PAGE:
Announcing the 2019 Leon Grant Spirit of the Community Honoree Brooke Simpson
Phoenix Indian Center
The Phoenix Indian Center is honored to award Brooke Simpson as the honorary Leon Grant Awardee. She is an American Indian pop singer who rose to national attention in the 2017 NBC talent competition, The Voice. A member of the Haliwa-Saponi tribe, Simpson grew up in North Carolina and recorded her first song at two years old. As a third-place finisher on The Voice, Brooke is no stranger to music. She is a powerhouse vocalist who is passionate about songwriting and people. In her early years, Brooke traveled with her family singing from church to church around the US.
As Brooke continued to develop vocally, she was crowned Female vocal winner of the International Teen Talent competition, which awarded her the opportunity to attend Lee University in Cleveland, Tennessee. In college, Brooke began to discover who she is an individual, and as an artist. Through life experiences in her college years, Brooke began to dig deeper into songwriting, which led to her recording her first solo EP.
Not long after, Brooke auditioned for The Voice. Unfortunately, she didn't make it past the preliminary rounds, which was discouraging, but it didn't stop her. Brooke also continued to refine her songwriting skills and, little did she know, four years later she would be receiving a phone call from a producer of The Voice asking her to give the reality show one more try. This opportunity led to her receive a four-chair turn and the opportunity to work with Miley Cyrus. While on the show, Brooke's weekly performance charted on the iTunes top 10 week after week.
Now with a large and ever-growing fan base, Brooke is touring, writing, recording, and has released her debut single, 2AM, which charted on the iTunes pop charts, and has released a video for her single Perfect. Brooke continues to use her success to engage with the American Indian community through sharing her story and providing encouraging and uplifting stories about personal struggles, determination and commitment, and being true to yourself. Brook is also featured entertainment and will be providing a private concert for all Silver and Turquoise Ball attendees.
Be sure to join us for this phenomenal opportunity.
About the Leon Grant Spirit of the Community Award and Mr. Grant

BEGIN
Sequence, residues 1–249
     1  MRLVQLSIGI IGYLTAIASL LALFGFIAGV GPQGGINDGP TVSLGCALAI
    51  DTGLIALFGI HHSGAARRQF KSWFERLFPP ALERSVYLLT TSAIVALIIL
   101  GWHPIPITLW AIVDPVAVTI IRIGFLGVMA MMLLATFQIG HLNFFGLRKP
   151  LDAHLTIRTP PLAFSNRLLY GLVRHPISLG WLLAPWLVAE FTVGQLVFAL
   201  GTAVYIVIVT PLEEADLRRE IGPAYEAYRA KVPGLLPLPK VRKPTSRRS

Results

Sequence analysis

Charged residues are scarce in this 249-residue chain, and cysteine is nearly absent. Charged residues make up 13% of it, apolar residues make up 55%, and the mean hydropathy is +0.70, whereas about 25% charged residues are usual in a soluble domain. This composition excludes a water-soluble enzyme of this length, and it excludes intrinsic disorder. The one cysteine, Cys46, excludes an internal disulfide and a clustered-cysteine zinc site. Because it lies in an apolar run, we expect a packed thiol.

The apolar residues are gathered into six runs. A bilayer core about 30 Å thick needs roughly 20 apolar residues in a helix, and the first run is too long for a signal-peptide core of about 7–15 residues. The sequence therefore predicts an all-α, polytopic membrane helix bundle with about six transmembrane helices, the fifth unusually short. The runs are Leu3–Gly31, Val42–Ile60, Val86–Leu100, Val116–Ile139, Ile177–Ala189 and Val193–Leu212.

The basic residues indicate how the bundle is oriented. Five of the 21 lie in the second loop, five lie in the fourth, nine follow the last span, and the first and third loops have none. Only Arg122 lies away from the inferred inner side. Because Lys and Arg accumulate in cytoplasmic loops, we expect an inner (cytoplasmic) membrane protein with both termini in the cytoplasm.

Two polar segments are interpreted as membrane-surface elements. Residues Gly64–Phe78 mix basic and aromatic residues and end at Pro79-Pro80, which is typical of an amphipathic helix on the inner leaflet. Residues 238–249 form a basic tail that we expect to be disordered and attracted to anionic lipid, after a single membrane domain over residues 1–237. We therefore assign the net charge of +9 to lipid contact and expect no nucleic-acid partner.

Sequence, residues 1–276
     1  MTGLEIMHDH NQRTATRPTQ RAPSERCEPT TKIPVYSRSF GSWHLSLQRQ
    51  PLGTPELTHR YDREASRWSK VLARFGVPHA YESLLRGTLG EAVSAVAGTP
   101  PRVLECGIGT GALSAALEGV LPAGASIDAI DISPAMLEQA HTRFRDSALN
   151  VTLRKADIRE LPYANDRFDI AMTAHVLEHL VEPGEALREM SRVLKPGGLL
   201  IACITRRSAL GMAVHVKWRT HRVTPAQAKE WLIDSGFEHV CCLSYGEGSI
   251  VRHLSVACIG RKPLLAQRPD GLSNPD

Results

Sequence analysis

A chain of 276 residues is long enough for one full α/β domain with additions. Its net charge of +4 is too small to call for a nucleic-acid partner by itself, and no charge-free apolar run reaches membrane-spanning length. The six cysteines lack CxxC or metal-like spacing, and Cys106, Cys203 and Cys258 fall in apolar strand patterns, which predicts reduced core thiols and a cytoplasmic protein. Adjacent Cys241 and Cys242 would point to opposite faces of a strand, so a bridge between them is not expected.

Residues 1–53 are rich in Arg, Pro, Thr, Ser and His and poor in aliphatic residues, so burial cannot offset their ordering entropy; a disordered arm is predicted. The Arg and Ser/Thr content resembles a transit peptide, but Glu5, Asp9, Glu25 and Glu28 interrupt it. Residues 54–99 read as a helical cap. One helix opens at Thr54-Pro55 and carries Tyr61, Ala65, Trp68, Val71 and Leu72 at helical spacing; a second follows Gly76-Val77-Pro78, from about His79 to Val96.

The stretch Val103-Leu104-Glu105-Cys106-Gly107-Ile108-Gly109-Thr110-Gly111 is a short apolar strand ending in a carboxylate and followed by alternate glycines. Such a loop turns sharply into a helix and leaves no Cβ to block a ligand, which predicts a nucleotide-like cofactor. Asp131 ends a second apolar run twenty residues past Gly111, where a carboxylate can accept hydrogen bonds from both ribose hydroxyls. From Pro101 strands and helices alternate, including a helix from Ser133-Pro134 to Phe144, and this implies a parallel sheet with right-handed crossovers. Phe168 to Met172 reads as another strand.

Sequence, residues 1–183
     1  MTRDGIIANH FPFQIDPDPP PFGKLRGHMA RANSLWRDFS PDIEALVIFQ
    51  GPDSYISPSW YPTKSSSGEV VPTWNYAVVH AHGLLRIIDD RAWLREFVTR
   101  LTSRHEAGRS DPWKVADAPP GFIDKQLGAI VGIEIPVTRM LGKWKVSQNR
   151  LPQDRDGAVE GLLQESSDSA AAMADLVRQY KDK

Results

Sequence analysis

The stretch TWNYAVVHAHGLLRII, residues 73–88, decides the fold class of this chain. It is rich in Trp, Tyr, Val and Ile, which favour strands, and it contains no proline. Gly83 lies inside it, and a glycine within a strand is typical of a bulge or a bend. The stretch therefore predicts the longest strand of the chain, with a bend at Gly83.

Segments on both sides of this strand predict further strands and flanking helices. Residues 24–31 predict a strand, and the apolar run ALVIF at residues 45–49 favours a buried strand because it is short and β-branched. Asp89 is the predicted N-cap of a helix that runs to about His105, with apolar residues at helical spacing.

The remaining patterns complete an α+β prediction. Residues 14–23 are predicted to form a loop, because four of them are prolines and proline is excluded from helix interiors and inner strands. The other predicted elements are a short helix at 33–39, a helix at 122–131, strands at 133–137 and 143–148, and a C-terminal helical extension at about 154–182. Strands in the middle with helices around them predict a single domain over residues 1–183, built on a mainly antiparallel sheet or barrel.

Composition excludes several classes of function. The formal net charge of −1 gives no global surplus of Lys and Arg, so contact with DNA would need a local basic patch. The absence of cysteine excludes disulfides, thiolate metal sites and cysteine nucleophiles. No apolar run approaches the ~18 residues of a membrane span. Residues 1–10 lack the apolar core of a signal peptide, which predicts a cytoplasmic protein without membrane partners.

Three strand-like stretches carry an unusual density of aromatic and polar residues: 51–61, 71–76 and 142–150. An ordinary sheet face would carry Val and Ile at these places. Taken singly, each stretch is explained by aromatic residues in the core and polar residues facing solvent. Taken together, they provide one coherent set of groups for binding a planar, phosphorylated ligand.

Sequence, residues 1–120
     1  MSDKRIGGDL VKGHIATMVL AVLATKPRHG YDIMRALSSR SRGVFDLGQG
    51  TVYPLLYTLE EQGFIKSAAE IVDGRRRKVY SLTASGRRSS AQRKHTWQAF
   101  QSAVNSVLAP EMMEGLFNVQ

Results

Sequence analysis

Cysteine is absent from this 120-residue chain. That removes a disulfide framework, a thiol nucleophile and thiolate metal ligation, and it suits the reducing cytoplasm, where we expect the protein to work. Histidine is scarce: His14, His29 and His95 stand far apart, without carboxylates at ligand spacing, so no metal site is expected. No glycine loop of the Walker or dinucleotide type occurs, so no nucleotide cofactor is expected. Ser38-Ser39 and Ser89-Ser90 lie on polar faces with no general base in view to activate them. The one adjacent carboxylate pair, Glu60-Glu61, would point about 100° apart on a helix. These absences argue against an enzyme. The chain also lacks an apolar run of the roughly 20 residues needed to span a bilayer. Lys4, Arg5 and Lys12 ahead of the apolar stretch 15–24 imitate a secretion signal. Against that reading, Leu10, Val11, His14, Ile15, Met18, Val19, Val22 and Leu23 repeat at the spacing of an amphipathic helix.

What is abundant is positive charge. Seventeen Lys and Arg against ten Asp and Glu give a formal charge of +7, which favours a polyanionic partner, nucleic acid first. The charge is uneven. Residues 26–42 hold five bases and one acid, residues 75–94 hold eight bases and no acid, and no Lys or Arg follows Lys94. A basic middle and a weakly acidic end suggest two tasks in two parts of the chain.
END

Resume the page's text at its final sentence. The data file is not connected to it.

In 1947 Leon Grant and community members, along with the Mayor of the City of Phoenix, Ray Busey, formed the Phoenix Indian Center. Grant, from the Omaha tribe in Nebraska, arrived in Phoenix in the early 1940's and recognized the struggles of people leaving their reservation lands for the City. He also noticed signs in cafe windows reading "Whites Only." He then made it his mission to start the Center and ensure all felt welcome. He ultimately stepped up and filled a void by creating a safe haven, a place to find a job, housing and other services targeted for American Indians. Grant, a graduate of Phoenix College and an avid horseman, passed away at the age of 90 in 2015.
The award, established in 2013, is named in honor of the late Mr. Grant, who also served as the first Executive Director of the Phoenix Indian Center. Each year, the Phoenix Indian Center recognizes an individual or organization for their service, commitment, and dedication to the betterment of the American Indian community.
Previous honorees include: Leon Grant; Ernest "Ernie" L. Stevens, Sr.; Dr. John Tippeconnic and Dr. Eddie Brown, Arizona State University Professors; Joe Garagiola Sr. and the Arizona Diamondbacks; Lori Piestewa National Native American Games and the Lori Ann Piestewa Family, and Dr. Maria Harper-Marinick, chancellor of the Maricopa Community Colleges District.
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2019 Silver & Turquoise Ball Honorary Co-Chairs
Governor Stephen Lewis
Gila River Indian Community
Cheryl and Chairman Ernest L. Stevens, Jr.
National Indian Gaming Association
For ticket and sponsorship information, contact
Jolyana Begay-Kroupa or Bree Marshall at 602.264.6768